Practice questions (not to be explicitly answered):
  1. What are the first and last packets for the POST request?
  2. What is the IP address and the TCP port used by the client computer (source) that is transferring the file to
  3. What is the IP address of On what port number is it sending and receiving TCP segments for this connection?
  4. What is the sequence number of the TCP SYN segment that is used to initiate the TCP connection between the client computer and What is it in the segment that identifies the segment as a SYN segment?
  5. What is the sequence number of the SYNACK segment sent by to the client computer in reply to the SYN? What is the value of the ACKnowledgement field in the SYNACK segment? How did determine that value? What is it in the segment that identifies the segment as a SYNACK segment?
  6. What is the sequence number of the TCP segment containing the HTTP POST command?
  7. Consider the TCP segment containing the HTTP POST as the first segment in the TCP connection. What are the sequence numbers of the first six segments in the TCP connection (including the segment containing the HTTP POST)? At what time was each segment sent? When was the ACK for each segment received? Given the difference between when each TCP segment was sent, and when its acknowledgement was received, what is the RTT value for each of the six segments? What is the EstimatedRTT value (see page 277 in text) after the receipt of each ACK? Assume that the value of the EstimatedRTT is equal to the measured RTT for the first segment, and then is computed using the EstimatedRTT equation on page 277 for all subsequent segments.
Note: Wireshark has a nice feature that allows you to plot the RTT for each of the TCP segments sent. Select a TCP segment in the Packet List Pane that is being sent from the client to the server. Then select: Statistics->TCP Stream Graph->Round Trip Time Graph.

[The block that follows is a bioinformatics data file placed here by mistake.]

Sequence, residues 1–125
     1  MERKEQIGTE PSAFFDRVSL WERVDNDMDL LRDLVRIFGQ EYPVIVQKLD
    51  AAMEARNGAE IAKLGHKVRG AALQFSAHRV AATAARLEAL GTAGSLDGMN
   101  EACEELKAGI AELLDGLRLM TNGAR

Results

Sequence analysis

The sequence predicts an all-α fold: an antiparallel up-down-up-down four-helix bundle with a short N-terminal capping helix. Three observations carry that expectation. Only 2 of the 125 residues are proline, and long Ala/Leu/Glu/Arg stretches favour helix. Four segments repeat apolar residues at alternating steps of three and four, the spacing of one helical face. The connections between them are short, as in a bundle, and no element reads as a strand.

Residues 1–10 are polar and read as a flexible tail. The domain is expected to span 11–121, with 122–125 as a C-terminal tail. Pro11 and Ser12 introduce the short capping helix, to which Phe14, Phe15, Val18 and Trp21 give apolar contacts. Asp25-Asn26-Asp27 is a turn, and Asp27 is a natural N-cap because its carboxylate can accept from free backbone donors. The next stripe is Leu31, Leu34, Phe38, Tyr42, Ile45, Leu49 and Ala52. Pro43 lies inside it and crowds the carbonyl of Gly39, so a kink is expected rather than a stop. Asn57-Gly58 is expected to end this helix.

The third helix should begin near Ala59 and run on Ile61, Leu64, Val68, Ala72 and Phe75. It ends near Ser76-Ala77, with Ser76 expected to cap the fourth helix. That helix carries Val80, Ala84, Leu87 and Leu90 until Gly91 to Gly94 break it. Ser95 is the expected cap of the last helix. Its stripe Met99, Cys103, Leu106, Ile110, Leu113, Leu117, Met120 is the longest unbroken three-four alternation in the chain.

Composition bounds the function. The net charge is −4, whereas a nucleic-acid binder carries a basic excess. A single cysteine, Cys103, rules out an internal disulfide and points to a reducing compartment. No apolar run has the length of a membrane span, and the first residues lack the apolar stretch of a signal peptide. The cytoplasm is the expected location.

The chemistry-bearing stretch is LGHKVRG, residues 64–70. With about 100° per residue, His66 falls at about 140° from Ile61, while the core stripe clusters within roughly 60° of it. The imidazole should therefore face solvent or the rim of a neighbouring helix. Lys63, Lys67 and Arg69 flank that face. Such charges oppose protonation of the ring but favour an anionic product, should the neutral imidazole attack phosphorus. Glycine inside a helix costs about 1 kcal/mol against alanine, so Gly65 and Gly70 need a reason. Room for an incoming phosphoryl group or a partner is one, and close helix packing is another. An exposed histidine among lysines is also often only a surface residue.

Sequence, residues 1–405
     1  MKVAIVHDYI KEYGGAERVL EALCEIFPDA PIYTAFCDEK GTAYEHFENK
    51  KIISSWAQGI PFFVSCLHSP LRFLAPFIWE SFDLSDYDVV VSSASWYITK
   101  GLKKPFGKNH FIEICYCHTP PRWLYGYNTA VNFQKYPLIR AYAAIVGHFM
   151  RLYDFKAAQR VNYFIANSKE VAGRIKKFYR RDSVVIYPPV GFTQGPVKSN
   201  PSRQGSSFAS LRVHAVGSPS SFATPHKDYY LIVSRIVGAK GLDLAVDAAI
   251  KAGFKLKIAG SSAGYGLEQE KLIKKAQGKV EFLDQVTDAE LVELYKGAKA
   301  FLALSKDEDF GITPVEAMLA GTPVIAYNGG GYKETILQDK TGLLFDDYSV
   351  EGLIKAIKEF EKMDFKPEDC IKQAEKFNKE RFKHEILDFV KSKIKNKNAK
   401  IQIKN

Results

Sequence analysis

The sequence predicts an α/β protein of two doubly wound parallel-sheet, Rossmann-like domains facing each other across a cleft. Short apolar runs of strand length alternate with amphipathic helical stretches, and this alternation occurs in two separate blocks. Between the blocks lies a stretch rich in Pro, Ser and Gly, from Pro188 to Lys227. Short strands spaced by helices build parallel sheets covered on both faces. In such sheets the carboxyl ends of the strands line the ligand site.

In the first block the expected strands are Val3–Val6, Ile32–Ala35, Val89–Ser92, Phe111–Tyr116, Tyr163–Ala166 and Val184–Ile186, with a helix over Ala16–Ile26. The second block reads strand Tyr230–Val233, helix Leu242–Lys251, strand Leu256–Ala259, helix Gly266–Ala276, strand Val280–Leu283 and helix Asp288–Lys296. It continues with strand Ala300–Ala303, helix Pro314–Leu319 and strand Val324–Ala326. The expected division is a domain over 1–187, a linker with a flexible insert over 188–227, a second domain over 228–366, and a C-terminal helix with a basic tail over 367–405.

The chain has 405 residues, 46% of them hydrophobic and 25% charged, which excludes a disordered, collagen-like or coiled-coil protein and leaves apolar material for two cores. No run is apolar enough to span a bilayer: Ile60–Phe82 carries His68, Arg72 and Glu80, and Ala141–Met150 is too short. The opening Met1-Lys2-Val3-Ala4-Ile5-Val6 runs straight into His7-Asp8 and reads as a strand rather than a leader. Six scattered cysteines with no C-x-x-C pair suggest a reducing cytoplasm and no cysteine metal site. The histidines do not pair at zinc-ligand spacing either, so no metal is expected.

1. What is the length of each of the first six TCP segments?
  2. What is the minimum amount of available buffer space advertised at the receiver for the entire trace? Does the lack of receiver buffer space ever throttle the sender?
  3. Are there any retransmitted segments in the trace file? What did you check for (in the trace) in order to answer this question?
  4. How much data does the receiver typically acknowledge in an ACK? Can you identify cases where the receiver is ACKing every other received segment (see Table 3.2 on page 285 in the text).
  5. What is the throughput (bytes transferred per unit time) for the TCP connection? Explain how you calculated this value.
Task A: Now, based on questions 1-12, please write two paragraphs explaining and discussing your observations from the above practice questions. One paragraph should describe and discuss the connections at a high level. The second paragraph should discuss the impact of RTT estimates, packet losses, and interpreted packet loss events. Note that your answer may benefit from explaining and/or referring to some of your observations from the practice questions explicitly. Note that, similar to previous assignments, you are expected to convince us that you understand these aspects of TCP.

TCP Congestion Control in Action